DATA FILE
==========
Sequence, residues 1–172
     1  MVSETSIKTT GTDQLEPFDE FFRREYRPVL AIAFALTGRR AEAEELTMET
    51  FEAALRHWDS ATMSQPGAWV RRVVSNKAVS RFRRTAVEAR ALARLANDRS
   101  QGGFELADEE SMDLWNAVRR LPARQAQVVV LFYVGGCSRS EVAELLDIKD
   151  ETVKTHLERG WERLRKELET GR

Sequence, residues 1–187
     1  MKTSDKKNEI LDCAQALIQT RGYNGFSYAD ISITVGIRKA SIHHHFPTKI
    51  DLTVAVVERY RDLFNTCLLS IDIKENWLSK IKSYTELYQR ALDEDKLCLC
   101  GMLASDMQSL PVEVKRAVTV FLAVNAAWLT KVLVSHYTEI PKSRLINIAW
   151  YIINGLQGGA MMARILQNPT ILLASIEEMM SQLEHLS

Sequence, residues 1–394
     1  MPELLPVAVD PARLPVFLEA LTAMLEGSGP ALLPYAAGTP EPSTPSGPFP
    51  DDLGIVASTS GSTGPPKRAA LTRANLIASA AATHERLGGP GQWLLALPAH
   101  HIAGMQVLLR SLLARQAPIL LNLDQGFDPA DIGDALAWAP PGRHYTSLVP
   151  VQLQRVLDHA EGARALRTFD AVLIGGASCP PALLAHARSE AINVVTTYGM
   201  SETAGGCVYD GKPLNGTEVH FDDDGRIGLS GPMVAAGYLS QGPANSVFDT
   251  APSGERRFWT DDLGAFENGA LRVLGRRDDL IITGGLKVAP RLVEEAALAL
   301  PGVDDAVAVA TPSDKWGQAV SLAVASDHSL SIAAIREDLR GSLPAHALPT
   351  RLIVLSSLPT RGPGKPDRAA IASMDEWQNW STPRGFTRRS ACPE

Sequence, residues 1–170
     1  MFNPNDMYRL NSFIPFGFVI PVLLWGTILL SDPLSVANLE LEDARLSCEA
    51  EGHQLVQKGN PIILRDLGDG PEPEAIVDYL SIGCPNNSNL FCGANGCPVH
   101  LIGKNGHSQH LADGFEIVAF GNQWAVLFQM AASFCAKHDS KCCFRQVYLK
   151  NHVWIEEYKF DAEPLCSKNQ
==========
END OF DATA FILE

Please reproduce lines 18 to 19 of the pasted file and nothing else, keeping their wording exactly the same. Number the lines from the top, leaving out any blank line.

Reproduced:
   301  PGVDDAVAVA TPSDKWGQAV SLAVASDHSL SIAAIREDLR GSLPAHALPT
   351  RLIVLSSLPT RGPGKPDRAA IASMDEWQNW STPRGFTRRS ACPE